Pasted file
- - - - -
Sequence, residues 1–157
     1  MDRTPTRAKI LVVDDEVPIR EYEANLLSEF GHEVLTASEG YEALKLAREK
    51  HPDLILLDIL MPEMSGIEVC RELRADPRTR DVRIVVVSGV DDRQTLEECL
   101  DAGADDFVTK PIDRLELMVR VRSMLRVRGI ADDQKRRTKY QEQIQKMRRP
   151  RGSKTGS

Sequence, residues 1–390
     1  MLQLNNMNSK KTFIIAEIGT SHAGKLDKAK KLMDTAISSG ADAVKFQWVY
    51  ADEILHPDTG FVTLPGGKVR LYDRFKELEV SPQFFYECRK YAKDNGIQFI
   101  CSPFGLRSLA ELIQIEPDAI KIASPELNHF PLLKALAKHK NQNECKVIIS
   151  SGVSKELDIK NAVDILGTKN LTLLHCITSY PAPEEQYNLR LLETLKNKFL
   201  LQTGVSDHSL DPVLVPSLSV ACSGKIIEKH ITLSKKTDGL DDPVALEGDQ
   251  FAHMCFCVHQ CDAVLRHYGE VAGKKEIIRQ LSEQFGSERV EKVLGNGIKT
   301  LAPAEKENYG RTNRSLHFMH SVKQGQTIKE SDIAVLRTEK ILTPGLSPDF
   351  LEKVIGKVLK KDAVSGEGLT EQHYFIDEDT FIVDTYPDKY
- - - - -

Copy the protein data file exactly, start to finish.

Sequence, residues 1–157
     1  MDRTPTRAKI LVVDDEVPIR EYEANLLSEF GHEVLTASEG YEALKLAREK
    51  HPDLILLDIL MPEMSGIEVC RELRADPRTR DVRIVVVSGV DDRQTLEECL
   101  DAGADDFVTK PIDRLELMVR VRSMLRVRGI ADDQKRRTKY QEQIQKMRRP
   151  RGSKTGS

Sequence, residues 1–390
     1  MLQLNNMNSK KTFIIAEIGT SHAGKLDKAK KLMDTAISSG ADAVKFQWVY
    51  ADEILHPDTG FVTLPGGKVR LYDRFKELEV SPQFFYECRK YAKDNGIQFI
   101  CSPFGLRSLA ELIQIEPDAI KIASPELNHF PLLKALAKHK NQNECKVIIS
   151  SGVSKELDIK NAVDILGTKN LTLLHCITSY PAPEEQYNLR LLETLKNKFL
   201  LQTGVSDHSL DPVLVPSLSV ACSGKIIEKH ITLSKKTDGL DDPVALEGDQ
   251  FAHMCFCVHQ CDAVLRHYGE VAGKKEIIRQ LSEQFGSERV EKVLGNGIKT
   301  LAPAEKENYG RTNRSLHFMH SVKQGQTIKE SDIAVLRTEK ILTPGLSPDF
   351  LEKVIGKVLK KDAVSGEGLT EQHYFIDEDT FIVDTYPDKY